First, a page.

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Well, James said I had to rephrase my research question. My current research question as it stands is as follows:
“How does the use of software modes influence the learning of mathematics with respect to the three task types?”
Well, first of all he didn’t like the word modes since I were referring to it as types before. But then him, myself and Doug came to a consensus that since I already introduced the term boxes then I could use the term boxes instead. Anyway, James problem with the research question as it is stated here was that to him it sounded as if I was going to do a survey of mathematics teachers to discover whether using software mode or not has an effect on how mathematics is learning. Instead he suggested a research question of the following format:
“What are the differences between the software modes in their effect on the learning of mathematics with respect to the three task types?“
However, I didn’t like the use of ‘what’ particularly as this indicated that I was comparing the three software specifically and as there were not very strong evidence to show that there is a specific difference I don’t want to use what.
I think perhaps if I developed the hypothesis or what I’m trying to do maybe it might be easier to determine the appropriate research question. Ok the first hypothesis is that:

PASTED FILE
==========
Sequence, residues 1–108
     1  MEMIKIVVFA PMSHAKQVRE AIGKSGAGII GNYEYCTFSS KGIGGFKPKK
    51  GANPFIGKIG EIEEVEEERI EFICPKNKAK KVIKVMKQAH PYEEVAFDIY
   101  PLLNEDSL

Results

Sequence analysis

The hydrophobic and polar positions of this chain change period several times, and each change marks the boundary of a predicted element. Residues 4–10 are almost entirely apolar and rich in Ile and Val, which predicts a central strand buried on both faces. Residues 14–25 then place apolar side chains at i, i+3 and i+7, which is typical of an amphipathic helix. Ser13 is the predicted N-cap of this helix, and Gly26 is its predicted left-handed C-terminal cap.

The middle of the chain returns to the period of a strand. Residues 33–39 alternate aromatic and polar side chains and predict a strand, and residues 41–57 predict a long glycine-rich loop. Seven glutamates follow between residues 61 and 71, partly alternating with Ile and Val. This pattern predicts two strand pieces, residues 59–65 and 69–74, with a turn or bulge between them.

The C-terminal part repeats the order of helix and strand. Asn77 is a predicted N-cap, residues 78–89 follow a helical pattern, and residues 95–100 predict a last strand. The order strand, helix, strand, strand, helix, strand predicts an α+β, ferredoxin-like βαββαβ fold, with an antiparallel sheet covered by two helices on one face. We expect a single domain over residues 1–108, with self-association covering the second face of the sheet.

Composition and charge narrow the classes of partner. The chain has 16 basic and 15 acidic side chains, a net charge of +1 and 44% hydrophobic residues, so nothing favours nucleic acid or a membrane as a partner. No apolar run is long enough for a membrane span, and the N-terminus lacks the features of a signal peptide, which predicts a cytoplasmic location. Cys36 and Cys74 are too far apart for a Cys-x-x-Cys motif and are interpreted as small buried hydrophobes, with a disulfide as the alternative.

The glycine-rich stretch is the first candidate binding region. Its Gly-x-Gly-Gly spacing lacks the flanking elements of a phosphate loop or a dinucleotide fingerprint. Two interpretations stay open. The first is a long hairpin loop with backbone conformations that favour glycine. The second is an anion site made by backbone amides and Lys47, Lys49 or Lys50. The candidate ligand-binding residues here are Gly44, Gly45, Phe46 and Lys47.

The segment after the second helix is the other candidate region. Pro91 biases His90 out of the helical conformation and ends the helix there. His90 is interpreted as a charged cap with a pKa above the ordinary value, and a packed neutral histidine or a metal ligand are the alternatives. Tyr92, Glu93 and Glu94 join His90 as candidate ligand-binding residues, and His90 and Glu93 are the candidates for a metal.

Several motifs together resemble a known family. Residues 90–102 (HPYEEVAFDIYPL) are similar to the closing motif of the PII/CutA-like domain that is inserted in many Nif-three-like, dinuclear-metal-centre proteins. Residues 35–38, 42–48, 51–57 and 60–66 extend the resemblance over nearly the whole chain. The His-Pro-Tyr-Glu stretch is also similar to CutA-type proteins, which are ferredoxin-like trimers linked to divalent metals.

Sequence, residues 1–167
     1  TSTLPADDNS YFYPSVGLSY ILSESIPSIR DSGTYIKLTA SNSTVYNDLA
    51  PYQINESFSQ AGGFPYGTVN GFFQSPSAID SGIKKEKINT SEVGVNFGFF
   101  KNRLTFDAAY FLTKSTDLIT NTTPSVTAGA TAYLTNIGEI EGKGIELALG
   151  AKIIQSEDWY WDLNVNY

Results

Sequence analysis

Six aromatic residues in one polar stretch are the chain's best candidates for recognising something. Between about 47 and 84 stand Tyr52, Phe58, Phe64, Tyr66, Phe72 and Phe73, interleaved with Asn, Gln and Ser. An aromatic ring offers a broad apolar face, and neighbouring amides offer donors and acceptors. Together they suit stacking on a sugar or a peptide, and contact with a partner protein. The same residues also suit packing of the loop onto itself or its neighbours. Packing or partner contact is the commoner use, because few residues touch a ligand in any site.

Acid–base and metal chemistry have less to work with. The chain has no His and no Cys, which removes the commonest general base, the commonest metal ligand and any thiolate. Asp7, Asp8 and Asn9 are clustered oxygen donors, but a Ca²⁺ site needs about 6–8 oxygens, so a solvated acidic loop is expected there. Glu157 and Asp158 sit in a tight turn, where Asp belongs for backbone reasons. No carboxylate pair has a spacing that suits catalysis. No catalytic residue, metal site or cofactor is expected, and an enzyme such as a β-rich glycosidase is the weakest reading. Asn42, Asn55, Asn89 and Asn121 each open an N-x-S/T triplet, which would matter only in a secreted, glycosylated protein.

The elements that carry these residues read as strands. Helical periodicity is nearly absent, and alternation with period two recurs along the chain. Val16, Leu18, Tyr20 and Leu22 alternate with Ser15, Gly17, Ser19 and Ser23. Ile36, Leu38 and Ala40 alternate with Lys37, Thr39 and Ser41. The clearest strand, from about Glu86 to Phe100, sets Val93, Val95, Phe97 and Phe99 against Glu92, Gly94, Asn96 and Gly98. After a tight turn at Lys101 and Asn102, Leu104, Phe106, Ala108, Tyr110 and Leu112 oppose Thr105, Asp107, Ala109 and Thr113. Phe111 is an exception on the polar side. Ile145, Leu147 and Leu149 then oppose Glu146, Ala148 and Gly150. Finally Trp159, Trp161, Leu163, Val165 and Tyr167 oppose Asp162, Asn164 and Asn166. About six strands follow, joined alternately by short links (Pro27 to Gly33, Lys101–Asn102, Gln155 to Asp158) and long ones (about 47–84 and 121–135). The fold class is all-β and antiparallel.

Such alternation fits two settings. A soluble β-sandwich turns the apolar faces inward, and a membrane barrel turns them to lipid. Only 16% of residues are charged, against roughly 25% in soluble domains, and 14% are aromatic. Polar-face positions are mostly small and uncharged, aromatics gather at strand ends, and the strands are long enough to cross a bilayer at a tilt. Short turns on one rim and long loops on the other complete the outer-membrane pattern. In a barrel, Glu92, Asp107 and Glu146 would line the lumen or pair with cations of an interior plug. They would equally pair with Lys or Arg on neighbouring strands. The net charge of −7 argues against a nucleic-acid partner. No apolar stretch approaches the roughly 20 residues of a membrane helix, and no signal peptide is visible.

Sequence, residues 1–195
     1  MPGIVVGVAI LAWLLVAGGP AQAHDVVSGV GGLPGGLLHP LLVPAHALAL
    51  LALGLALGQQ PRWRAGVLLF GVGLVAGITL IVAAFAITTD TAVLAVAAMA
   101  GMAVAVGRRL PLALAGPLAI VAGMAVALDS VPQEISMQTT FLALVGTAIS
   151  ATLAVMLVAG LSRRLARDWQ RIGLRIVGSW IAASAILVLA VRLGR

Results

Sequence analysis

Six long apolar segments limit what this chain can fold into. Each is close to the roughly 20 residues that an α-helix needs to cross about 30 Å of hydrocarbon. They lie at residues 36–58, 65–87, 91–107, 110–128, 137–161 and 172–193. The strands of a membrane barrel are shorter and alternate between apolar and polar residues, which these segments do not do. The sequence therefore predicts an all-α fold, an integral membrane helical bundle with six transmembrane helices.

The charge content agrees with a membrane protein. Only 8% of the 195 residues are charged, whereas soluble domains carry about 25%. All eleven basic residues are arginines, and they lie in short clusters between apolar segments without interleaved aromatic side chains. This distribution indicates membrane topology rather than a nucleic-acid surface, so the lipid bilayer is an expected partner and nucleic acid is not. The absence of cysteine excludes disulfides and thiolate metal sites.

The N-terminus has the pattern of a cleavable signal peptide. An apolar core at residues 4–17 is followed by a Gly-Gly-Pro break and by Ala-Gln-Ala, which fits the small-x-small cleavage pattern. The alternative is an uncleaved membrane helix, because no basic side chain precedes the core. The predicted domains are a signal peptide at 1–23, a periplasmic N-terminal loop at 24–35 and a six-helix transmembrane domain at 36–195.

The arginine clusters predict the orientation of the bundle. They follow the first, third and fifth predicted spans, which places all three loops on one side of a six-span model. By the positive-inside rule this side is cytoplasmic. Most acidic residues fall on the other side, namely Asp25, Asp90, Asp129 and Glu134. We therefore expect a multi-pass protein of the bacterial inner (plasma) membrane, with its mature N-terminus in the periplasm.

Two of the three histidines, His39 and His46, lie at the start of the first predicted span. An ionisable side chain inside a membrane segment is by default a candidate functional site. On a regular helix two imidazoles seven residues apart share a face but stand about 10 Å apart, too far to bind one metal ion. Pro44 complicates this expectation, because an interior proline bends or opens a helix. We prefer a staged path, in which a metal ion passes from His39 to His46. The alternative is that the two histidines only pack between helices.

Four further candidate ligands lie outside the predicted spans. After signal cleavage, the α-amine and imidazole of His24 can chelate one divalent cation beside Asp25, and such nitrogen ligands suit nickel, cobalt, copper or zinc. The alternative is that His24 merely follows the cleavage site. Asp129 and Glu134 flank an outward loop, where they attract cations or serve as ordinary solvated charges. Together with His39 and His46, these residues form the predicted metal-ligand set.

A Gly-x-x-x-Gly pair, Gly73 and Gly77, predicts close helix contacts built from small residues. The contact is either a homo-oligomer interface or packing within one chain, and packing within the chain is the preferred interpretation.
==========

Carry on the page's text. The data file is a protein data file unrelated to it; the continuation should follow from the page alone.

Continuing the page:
- Students perform differently depending on task type (this is not actually a hypothesis Galbraith and Haines found this out)
- Students’ performance/approach to solving different task types would vary depending on the software used
I think the second hypothesis is what I’m trying to do … but one word that could combine performance and approach … because performance to me only indicate the scores but I also want to look at the approach they are taking but I want to be careful with the word approach because then I might get into tool appropriation when I am more concerned with their cognitive processes. Hmm, but I have a slight problem with the term solving since interpretive tasks do not seem to be really solving but rather a sort of reasoning of what might be happening although I guess in some sense that is solving – but supposed the students did not solve the problem but yet gave an answer so probably answering might be better. Maybe I could put them as two questions (that might make James a bit antsy :D)!
But I think the research questions could be:
“Do students’ performance when answering the three task types vary depending on the software box used?”
and if so or not
“Do students’ approach to answering the three task types vary depending on the software box used?”
and if so or not
“Why do students’ approach to answering the three task types vary depending on the software box used?”
Yup I think I could work with that since the first would use the scores, the second one would use the explorations and explanations to answer these questions since these could be quantitatively based. And I could see the third question being answered qualitatively.
Ok just to send this off to Doug and James.